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medal

[med-l] /ˈmɛd l/
noun
1.
a flat piece of metal, often a disk but sometimes a cross, star, or other form, usually bearing an inscription or design, issued to commemorate a person, action, or event, or given as a reward for bravery, merit, or the like:
a gold medal for the best swimmer.
2.
a similar object bearing a religious image, as of a saint:
a Saint Christopher's medal.
verb (used with object), medaled, medaling or (especially British) medalled, medalling.
3.
to decorate or honor with a medal.
verb (used without object), medaled, medaling or (especially British) medalled, medalling.
4.
to receive a medal, especially in a sporting event:
He medaled in three of four races.
Origin
1580-1590
1580-90; earlier medaille < Middle French < Italian medaglia copper coin worth a halfpenny < Vulgar Latin *medalia, variant (by dissimilation) of Late Latin mediālia, noun use of neuter plural (taken as feminine singular) of mediālis medial
Related forms
unmedaled, adjective
unmedalled, adjective
Can be confused
medal, meddle, metal, mettle.
Dictionary.com Unabridged
Based on the Random House Dictionary, © Random House, Inc. 2014.
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Examples from the web for medal
  • But in the end the pilot was awarded a medal for fulfilling his duties with care.
  • It is not likely to take gold or even medal in basketball.
  • He had a big smile on his face, the medal hanging from the pocket flap of his uniform and a cigarette hanging out of his mouth.
  • A coast guard medal of honor is authorized but has not yet been developed or issued.
British Dictionary definitions for medal

medal

/ˈmɛdəl/
noun
1.
a small flat piece of metal bearing an inscription or image, given as an award or commemoration of some outstanding action, event, etc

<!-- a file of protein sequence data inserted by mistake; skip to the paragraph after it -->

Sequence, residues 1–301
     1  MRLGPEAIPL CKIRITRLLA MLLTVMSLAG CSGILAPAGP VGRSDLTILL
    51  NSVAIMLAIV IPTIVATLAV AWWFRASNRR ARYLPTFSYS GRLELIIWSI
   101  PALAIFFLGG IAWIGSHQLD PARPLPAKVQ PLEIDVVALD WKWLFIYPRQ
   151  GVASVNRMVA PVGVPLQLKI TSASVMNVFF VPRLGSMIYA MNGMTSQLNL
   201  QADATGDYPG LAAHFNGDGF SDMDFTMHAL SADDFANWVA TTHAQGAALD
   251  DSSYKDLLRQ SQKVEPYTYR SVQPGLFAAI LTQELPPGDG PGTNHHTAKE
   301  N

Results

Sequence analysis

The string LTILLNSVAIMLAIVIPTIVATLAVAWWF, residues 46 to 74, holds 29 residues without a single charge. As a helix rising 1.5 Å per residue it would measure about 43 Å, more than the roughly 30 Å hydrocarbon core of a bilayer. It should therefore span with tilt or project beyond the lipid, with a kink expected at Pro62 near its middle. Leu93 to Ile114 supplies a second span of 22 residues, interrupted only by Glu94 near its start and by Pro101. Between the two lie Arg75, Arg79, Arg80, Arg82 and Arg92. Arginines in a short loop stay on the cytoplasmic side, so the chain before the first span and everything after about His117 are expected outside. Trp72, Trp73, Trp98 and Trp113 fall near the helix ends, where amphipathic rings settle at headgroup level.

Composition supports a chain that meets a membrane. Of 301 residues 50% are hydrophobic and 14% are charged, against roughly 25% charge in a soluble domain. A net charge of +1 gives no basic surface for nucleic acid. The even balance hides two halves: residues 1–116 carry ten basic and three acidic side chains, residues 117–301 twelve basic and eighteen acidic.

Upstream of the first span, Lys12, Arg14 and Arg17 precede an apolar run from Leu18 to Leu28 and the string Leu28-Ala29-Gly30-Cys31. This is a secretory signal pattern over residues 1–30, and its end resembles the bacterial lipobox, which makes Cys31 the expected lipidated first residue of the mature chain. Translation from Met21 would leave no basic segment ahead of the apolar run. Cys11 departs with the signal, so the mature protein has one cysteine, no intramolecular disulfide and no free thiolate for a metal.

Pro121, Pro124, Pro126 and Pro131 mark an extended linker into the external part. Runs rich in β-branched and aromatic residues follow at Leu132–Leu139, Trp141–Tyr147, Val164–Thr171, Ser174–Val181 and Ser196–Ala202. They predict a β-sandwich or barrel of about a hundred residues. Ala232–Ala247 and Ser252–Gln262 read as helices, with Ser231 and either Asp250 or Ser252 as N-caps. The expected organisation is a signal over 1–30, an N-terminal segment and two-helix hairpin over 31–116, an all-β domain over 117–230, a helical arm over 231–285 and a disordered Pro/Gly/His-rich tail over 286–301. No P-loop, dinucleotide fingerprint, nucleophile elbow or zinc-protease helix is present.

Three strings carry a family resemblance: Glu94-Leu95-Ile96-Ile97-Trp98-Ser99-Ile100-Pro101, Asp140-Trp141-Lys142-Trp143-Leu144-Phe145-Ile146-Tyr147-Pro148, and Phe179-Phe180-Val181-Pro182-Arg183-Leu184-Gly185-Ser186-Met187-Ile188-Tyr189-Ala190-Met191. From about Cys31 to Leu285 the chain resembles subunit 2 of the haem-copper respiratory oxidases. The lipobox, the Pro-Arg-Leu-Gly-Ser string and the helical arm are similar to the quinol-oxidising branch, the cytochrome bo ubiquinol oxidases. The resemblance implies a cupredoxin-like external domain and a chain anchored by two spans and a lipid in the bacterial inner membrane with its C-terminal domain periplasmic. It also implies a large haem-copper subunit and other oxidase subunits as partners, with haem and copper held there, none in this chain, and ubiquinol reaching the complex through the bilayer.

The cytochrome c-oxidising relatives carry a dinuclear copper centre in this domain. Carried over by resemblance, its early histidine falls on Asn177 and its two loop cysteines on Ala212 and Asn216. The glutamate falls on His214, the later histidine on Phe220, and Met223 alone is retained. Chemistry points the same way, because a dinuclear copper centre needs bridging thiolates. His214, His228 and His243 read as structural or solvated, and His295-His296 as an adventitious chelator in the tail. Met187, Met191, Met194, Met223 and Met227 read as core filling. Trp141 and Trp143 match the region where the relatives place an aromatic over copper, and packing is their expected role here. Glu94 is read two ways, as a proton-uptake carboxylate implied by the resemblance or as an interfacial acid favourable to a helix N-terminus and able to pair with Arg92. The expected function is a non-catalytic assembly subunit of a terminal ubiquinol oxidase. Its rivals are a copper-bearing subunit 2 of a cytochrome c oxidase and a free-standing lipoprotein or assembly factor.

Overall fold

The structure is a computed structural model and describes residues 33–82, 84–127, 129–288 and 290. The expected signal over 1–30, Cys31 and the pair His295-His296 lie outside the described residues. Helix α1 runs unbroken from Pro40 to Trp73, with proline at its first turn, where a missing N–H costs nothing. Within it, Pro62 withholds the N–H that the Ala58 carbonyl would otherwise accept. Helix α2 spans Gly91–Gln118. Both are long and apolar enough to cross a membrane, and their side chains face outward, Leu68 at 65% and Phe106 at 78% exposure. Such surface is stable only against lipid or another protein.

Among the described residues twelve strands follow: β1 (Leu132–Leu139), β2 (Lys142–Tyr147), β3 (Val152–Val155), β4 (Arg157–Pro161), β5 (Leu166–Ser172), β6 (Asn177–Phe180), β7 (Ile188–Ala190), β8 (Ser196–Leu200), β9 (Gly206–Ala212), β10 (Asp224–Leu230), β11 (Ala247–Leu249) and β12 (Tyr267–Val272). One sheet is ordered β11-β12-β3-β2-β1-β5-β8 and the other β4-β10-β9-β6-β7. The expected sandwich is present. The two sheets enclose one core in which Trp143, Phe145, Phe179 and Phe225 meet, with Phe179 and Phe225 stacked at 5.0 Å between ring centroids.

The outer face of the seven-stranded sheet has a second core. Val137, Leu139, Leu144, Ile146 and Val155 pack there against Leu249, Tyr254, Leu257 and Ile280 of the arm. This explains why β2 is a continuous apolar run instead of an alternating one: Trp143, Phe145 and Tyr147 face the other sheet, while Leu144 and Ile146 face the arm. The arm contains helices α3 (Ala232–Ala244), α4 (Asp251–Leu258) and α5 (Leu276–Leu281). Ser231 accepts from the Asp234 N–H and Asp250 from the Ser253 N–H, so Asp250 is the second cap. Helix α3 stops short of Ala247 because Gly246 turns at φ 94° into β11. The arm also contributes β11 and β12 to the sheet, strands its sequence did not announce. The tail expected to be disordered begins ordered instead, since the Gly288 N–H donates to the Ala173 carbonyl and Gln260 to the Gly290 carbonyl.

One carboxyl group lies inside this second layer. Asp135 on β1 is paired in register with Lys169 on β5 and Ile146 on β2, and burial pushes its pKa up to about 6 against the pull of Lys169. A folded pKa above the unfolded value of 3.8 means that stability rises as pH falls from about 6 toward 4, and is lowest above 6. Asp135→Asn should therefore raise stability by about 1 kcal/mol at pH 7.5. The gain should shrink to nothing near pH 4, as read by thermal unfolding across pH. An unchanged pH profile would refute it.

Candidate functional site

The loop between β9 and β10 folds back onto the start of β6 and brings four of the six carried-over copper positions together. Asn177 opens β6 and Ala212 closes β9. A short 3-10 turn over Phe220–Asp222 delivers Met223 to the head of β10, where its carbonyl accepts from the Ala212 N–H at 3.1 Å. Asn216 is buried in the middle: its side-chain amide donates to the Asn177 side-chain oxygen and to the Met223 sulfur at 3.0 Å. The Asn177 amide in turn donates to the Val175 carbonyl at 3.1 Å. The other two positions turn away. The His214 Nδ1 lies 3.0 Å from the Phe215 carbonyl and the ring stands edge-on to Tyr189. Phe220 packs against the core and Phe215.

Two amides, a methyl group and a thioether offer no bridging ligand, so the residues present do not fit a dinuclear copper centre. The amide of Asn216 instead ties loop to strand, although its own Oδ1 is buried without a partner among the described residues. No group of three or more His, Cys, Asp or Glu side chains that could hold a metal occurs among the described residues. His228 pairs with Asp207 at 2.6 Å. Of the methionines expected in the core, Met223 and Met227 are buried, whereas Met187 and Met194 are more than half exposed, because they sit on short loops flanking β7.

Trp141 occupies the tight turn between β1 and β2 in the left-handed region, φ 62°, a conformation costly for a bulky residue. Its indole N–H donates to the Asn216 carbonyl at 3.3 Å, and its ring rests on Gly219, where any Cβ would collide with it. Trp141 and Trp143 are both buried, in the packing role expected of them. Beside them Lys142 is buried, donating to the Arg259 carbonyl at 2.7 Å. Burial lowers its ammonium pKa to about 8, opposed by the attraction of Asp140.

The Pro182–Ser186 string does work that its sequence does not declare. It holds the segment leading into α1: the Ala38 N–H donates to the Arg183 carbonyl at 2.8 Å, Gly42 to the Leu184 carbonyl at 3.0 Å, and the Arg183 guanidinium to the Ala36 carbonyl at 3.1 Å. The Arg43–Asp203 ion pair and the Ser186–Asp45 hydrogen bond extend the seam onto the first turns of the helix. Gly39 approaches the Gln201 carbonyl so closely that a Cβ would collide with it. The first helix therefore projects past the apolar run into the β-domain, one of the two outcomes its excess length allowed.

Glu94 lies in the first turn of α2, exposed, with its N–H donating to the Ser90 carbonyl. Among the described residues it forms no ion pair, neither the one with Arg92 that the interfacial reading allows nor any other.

verb -als, -alling, -alled (US) -als, -aling, -aled
2.
(transitive) to honour with a medal
3.
(intransitive) (informal) (in sport) to win a medal
Derived Forms
medallic (mɪˈdælɪk) adjective
Word Origin
C16: from French médaille, probably from Italian medaglia, ultimately from Latin metallummetal
Collins English Dictionary - Complete & Unabridged 2012 Digital Edition
© William Collins Sons & Co. Ltd. 1979, 1986 © HarperCollins
Publishers 1998, 2000, 2003, 2005, 2006, 2007, 2009, 2012
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Word Origin and History for medal
n.

1580s, from Middle French médaille (15c.), from Italian medaglia "a medal," according to OED from Vulgar Latin *metallea (moneta) "metal (coin)," from Latin metallum (see metal). The other theory [Klein, Barnhart, Watkins] is that medaglia originally meant "coin worth half a denarius," and is from Vulgar Latin *medalia, from Late Latin medialia "little halves," neuter plural of medialis "of the middle" (see medial (adj.)). Originally a trinket or charm; as a reward for merit, proficiency, etc., attested from 1751.

v.

1845, "stamped onto a medal," from medal (n.). From 1857 as "to award (someone or something) a medal;" intransitive sense is 20c. Related: Medaled; medalled; medaling; medalling.

Online Etymology Dictionary, © 2010 Douglas Harper
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Slang definitions & phrases for medal

medal

verb

To win a medal: Flo-Jo medaled in the 100meter (1980s+ Sports)


The Dictionary of American Slang, Fourth Edition by Barbara Ann Kipfer, PhD. and Robert L. Chapman, Ph.D.
Copyright (C) 2007 by HarperCollins Publishers.
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8
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